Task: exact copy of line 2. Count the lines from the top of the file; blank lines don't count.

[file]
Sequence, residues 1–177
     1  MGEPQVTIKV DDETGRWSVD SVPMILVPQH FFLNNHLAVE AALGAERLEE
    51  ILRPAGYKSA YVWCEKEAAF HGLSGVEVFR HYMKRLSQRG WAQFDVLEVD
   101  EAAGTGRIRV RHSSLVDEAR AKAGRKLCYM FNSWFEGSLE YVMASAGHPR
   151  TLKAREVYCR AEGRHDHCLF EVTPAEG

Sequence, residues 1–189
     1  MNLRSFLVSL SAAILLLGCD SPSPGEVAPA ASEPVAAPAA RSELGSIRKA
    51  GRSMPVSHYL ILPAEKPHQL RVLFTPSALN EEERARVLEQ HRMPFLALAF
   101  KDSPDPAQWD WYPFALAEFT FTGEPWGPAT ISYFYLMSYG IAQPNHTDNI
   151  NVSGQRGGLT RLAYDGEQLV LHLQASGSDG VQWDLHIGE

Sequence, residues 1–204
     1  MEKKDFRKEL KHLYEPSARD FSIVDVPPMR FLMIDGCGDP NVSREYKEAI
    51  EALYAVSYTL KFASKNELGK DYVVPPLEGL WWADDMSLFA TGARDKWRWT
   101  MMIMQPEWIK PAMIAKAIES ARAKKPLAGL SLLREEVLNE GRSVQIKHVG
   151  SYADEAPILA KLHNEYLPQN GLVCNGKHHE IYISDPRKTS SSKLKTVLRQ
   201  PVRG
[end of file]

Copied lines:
     1  MGEPQVTIKV DDETGRWSVD SVPMILVPQH FFLNNHLAVE AALGAERLEE